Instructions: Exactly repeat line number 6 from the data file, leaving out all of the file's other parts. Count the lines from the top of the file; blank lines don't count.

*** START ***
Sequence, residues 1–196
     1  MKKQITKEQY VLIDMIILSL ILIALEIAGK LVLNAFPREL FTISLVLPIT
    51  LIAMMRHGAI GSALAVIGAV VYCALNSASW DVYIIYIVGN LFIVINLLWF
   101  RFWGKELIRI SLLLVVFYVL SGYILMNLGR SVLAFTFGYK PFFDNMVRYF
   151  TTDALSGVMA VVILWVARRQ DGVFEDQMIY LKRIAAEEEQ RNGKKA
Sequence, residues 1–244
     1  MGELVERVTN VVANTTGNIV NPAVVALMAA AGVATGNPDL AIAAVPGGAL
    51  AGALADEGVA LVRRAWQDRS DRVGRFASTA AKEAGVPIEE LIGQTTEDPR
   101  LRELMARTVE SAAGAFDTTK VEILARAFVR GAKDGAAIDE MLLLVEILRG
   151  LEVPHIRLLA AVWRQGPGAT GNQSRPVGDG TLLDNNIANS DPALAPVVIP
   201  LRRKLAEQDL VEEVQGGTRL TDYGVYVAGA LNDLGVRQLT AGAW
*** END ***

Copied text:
Sequence, residues 1–244